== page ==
The St. Augustine Gospels were written in the late sixth century AD. Allow that to sink in one more time: the St. Augustine Gospels were written in the late 500s, over 1500 years ago. For almost the entirety of its existence, it has survived in England, where it still manages to be put to good use. The St. Augustine Gospels, which are sometimes referred to as “The Canterbury Gospels” –– however incorrectly, as will be discussed later –– are a treasure for a multitude of reasons: the pure historical value of the manuscript, plus its content and the fact that it is still in use today, make it undoubtedly one of the most priceless items in the modern world.
The St. Augustine Gospels started their journey in 597 AD, with the Gregorian mission (or Augustinian mission), which was sent by Pope Gregory to convert England’s non-Christian Anglo-Saxon population. The mission, which consisted of fewer than 50 missionaries (including, of course, St. Augustine) who were sent from Rome, set forth with the then-new Gospels of St. Augustine. It is debated as to whether or not the mission took the manuscript with them, rather than having it delivered at a later date, however the script is written in an Italian uncial script which is generally agreed to be tied to the sixth century, so it is plausible that the manuscript was fully completed before the mission left for England.
By analyzing the script, it can also be determined that the St. Augustine Gospels were in England by around the turn into the eighth century, for there are edits and amendments that have been made using insular script, which was developed by the Irish Christians in the seventh century, but hit popularity between 600 and 850 AD. From this point, we can determine that it reached its destination, St. Augustine’s Abbey in Canterbury, in the 11th century, for this is the first it contained documentation related to the Abbey. This is where the name, “The Canterbury Gospels,” comes in. However, while it is widely referred to by this name, its official title is the St. Augustine Gospels, as "The Canterbury Gospels" is already used to describe a manuscript written at Canterbury in the eighth century.
But enough of the history of the manuscript; the content is where the real heart of the piece is. The St. Augustine Gospels contain few (surviving) images, though the ones that survive are, in my opinion, ones to be treasured. There were originally four miniatures for each of the four Evangelists, Matthew, Mark, Luke, and John, however now only the image dedicated to Luke survives.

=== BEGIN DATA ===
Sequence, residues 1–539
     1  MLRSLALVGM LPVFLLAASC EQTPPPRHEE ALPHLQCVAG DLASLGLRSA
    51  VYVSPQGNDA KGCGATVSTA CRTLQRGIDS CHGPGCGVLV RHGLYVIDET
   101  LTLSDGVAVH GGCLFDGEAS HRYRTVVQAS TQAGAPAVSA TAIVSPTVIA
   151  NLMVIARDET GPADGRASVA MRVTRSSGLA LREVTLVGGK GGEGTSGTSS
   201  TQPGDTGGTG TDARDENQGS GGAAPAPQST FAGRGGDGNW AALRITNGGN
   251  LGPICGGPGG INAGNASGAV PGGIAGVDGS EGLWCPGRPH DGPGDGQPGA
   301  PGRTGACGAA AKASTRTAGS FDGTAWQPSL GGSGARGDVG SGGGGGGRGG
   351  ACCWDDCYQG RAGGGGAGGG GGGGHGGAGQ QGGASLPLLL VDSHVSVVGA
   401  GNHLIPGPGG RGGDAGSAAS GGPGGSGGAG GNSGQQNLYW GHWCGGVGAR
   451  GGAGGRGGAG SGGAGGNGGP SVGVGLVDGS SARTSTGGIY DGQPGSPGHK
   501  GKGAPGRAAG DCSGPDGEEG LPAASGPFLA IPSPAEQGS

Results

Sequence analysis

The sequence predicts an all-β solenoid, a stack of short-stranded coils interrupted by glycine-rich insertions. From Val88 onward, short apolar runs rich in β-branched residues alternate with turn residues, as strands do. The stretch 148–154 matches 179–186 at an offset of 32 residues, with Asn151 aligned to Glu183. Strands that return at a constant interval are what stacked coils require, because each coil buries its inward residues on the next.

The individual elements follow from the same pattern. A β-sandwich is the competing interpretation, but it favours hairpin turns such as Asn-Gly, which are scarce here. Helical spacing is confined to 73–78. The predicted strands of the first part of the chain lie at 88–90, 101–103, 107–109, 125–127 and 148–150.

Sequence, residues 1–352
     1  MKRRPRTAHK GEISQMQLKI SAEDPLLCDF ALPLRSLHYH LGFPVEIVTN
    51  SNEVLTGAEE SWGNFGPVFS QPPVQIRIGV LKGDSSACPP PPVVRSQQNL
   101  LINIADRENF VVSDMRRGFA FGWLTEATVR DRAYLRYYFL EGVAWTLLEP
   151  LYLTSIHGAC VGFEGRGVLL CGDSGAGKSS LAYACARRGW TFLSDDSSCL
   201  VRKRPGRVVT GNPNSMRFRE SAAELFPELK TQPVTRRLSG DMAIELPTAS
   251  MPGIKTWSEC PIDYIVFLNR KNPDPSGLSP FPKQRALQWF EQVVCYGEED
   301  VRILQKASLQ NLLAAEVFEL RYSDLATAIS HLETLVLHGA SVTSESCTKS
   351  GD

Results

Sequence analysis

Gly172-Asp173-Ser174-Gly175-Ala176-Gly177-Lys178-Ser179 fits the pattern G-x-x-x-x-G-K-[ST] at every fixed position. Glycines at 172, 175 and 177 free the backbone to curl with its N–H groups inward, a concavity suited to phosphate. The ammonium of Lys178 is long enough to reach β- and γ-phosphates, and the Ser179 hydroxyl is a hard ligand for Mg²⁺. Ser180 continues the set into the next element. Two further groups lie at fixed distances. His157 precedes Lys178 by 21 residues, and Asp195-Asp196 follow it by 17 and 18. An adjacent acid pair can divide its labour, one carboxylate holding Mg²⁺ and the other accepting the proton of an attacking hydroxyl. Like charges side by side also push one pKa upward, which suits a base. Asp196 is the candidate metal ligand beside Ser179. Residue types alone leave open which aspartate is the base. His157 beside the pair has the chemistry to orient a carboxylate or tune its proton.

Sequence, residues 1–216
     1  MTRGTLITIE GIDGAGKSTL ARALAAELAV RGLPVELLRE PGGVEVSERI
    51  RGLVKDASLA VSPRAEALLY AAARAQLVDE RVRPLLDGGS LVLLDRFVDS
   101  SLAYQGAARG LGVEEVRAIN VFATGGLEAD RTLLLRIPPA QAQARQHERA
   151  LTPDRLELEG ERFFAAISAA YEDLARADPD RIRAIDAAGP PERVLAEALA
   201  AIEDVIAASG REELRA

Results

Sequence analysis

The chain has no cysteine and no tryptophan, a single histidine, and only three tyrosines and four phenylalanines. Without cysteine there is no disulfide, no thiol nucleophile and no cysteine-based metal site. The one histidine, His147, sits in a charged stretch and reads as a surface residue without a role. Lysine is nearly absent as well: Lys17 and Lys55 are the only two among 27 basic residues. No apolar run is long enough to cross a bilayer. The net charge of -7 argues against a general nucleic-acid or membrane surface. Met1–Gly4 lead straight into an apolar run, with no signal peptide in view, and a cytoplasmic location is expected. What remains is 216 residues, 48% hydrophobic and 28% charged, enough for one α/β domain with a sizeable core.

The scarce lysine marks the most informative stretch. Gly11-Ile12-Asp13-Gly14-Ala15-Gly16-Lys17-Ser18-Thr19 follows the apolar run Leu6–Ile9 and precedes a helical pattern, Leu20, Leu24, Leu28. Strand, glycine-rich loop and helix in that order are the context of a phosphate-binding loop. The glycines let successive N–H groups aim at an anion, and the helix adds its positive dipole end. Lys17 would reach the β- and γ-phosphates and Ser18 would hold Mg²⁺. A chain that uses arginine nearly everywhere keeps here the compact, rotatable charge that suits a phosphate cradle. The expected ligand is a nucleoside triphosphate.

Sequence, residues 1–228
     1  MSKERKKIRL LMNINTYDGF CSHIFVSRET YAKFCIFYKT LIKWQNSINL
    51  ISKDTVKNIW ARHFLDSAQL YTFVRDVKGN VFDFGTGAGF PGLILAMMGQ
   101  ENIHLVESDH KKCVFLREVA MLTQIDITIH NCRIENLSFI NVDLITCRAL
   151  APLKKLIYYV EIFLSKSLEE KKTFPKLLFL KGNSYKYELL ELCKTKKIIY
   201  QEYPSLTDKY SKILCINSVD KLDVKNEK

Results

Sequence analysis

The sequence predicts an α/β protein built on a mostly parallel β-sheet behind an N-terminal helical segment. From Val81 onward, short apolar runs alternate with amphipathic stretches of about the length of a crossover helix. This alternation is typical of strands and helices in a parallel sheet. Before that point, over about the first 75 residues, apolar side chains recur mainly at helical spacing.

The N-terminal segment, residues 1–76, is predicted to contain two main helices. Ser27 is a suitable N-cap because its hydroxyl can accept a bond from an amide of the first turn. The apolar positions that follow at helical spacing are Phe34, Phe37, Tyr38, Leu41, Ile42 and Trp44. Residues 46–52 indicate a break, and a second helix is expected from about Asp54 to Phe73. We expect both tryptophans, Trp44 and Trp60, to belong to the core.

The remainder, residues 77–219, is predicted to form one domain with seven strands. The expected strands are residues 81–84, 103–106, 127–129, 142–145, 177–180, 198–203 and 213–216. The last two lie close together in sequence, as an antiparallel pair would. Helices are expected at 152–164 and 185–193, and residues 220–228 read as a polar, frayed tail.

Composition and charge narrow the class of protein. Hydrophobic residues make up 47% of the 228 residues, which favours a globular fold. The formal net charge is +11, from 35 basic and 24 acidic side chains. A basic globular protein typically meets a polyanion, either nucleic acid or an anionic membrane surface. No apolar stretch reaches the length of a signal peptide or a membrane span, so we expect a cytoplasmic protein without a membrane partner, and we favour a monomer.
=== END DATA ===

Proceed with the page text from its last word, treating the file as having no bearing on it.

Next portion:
I would now like to bring the focus to my commentary on my personal favorite page in the manuscript, folio 125r (right), which contains 12 scenes from the Passion. I believed at first that they may be the 12 Stations of the Cross, however this is not the case. But upon my own observation (as best as I can tell on the screen of my computer), I can clearly see the depiction of the last supper (in the first row, second column) and of Jesus bearing his cross (last row, third column). Surrounding these 12 images is a very simple yet astoundingly beautiful frame. There appears to be stones, all perfectly smooth, held in place by diagonal wooden boards. Similar but thicker boards are what separates the 12 square images. Upon trying to describe the image in words, I recognize that it doesn’t sound like much, and maybe it’s not. But the splotchy and faded colors on the parchment from 1500 years gives that banal image more life than I can even imagine it having at the time of its production, for there is an authenticity and character that exists in that image that is beyond what the artist could have ever foreseen 1500 years ago.
These inscriptions are potentially the latest additions to the St. Augustine Gospels, but this does not mean that the oldest surviving codex in England is not still being used for its intended religious purposes. Every time a new archbishop takes their oaths, the manuscript is removed from its home at the Parker Library at Corpus Christi College, and it is taken into the procession, ultimately continuing the work it was meant to do.
In a video presented by BBC, Dr. de Hamel describes the feeling of walking the St. Augustine Gospels down through Canterbury Cathedral, and the energy that filled the room. “A Gothic cathedral, absolutely filled with people singing very loud, makes the air vibrate. And it had this extraordinary effect that the parchment in the book began to vibrate in time with the music. Now, had I been open to a spiritual experience, I would have said that the book itself was singing.”